For over five-decades now, the differently-abled trainees at the rehabilitation unit of Fr. Muller Medical College Hospital in Mangaluru are turning into 'master' artisans in greeting card and handicraft making. Their artistic endevour that comes alive especially during Christmas has not only gained them recognition far and wide in Europe, but is also aiding their financial sustainability. "We cater to 'orders' for other festivities also, but during Christmas there is a sizable order from the global market," says Sr. Rosaline D’Souza, in-charge of the rehabilitation unit of Fr Muller Medical College Hospital.
Bulk orders from Germany, France, United Kingdom, Australia, continue to pour at this rehabilitation unit, despite technological advancements in the form of email-greetings and Whatsapp forwards. "Yes, there is a popular preference to digital-technology over hard-copy greeting cards these days due to cost effectiveness and easy accessibility. But then there are also people that wish to share handmade and personalized greetings for their dear-ones during festive seasons, which is encouraging," she says.
Of the various creation by the 'differently-abled', most customers re-order for materials processed through ‘Batik-Printing’. D'Souza adds that Batik cards are a bit of a challenge to make, since it requires a combination of wax and colour dyes to give that visual imagery on the fabrics. "The fabric used to make 'Batik' greeting cards are first covered with wax and then crumpled to create fine lines. "The material is dyed with bright colours that penetrate through these lines (while avoiding the area covered with wax) create an impression of intricate designs. Post processing the artisans scrape off the wax and the fabric is cut into greeting card sizes and stuck on paper. Later, different visuals are customised and printed on the card using ‘screen printing’ method," Sr. Dsouza says.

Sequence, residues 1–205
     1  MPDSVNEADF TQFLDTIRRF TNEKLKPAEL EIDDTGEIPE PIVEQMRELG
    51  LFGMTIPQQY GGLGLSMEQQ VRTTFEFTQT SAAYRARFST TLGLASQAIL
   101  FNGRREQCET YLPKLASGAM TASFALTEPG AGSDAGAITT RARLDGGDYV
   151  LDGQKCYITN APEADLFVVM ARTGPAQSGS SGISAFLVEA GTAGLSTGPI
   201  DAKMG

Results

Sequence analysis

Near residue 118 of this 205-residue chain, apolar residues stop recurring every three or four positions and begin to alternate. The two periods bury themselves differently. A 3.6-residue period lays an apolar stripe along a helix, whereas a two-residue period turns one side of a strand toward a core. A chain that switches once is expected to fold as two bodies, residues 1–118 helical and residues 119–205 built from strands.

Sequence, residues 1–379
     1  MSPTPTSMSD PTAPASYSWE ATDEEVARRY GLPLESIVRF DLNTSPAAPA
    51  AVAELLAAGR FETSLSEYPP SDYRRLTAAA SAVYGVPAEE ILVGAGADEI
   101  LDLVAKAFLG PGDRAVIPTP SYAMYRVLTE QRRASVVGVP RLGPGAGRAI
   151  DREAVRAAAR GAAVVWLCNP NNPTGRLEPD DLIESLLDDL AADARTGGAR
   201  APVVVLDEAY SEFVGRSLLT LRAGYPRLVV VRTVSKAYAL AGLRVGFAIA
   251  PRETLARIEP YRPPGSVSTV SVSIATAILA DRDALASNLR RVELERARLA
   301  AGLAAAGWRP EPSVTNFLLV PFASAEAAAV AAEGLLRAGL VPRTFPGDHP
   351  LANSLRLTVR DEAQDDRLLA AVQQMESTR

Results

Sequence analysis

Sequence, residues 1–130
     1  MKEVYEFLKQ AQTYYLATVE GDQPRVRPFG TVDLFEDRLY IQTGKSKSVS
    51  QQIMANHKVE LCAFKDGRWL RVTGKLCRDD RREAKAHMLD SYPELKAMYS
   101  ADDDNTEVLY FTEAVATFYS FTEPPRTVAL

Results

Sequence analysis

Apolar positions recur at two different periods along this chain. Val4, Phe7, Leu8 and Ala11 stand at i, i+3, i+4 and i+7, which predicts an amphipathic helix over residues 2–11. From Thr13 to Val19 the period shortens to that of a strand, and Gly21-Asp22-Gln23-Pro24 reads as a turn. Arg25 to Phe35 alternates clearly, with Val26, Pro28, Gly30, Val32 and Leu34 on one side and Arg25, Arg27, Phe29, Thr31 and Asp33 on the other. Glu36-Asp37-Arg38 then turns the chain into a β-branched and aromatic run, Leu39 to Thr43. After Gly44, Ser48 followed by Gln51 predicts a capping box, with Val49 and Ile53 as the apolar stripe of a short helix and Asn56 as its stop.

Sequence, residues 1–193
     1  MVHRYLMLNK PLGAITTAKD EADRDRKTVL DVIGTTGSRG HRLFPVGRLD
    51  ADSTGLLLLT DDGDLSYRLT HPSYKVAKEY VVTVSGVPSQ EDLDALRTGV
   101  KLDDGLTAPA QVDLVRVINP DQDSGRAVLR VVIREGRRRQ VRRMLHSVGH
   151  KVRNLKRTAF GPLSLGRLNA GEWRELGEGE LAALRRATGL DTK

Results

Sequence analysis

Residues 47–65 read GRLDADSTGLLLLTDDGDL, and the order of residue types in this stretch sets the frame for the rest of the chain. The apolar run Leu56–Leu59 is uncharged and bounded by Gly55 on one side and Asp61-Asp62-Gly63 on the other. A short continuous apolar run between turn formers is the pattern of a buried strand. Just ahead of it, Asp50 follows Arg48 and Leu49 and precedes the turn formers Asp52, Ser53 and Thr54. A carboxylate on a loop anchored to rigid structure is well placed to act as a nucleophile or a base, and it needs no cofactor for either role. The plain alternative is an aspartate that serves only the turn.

Priced between Rs. 24 to Rs 30, the rehabilitation unit not only receives orders from abroad but also different private organisations, corporates and students from India.
Besides cards the unit also manufactures wooden toys such as marionettes, picture blocks, memory blocks, tote bags, files, folders for conferences and conventions made out from cloth and jute, says an employee Dileep.
The rehabilitation unit began as part of 'occupational therapy' for leprosy patients by Swiss woman Heidi Dutt Zehnder at Fr. Muller Medical College Hospital in in 1965, since patients once affected by it found lesser acceptance in the mainstream society. Till date, the centre over the period has employed over 400 employees, most of them are differently-abled.
"The idea of our founder was to give necessary emotional-help, socio-economic aid and training to the differently-abled persons and make them acceptable in society, enabling them to live a life with dignity," says Sr D'Souza.